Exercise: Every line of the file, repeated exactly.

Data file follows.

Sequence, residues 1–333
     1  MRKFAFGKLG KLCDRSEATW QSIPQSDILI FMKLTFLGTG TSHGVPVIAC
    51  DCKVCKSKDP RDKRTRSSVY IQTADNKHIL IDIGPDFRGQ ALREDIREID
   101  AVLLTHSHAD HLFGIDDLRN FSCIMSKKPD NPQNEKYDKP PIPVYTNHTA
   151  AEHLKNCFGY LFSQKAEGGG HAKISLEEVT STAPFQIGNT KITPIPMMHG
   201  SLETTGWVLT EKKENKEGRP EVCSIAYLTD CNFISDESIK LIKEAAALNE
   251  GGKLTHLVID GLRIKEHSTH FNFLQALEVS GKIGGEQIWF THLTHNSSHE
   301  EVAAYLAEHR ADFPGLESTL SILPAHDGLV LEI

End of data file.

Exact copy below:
Sequence, residues 1–333
     1  MRKFAFGKLG KLCDRSEATW QSIPQSDILI FMKLTFLGTG TSHGVPVIAC
    51  DCKVCKSKDP RDKRTRSSVY IQTADNKHIL IDIGPDFRGQ ALREDIREID
   101  AVLLTHSHAD HLFGIDDLRN FSCIMSKKPD NPQNEKYDKP PIPVYTNHTA
   151  AEHLKNCFGY LFSQKAEGGG HAKISLEEVT STAPFQIGNT KITPIPMMHG
   201  SLETTGWVLT EKKENKEGRP EVCSIAYLTD CNFISDESIK LIKEAAALNE
   251  GGKLTHLVID GLRIKEHSTH FNFLQALEVS GKIGGEQIWF THLTHNSSHE
   301  EVAAYLAEHR ADFPGLESTL SILPAHDGLV LEI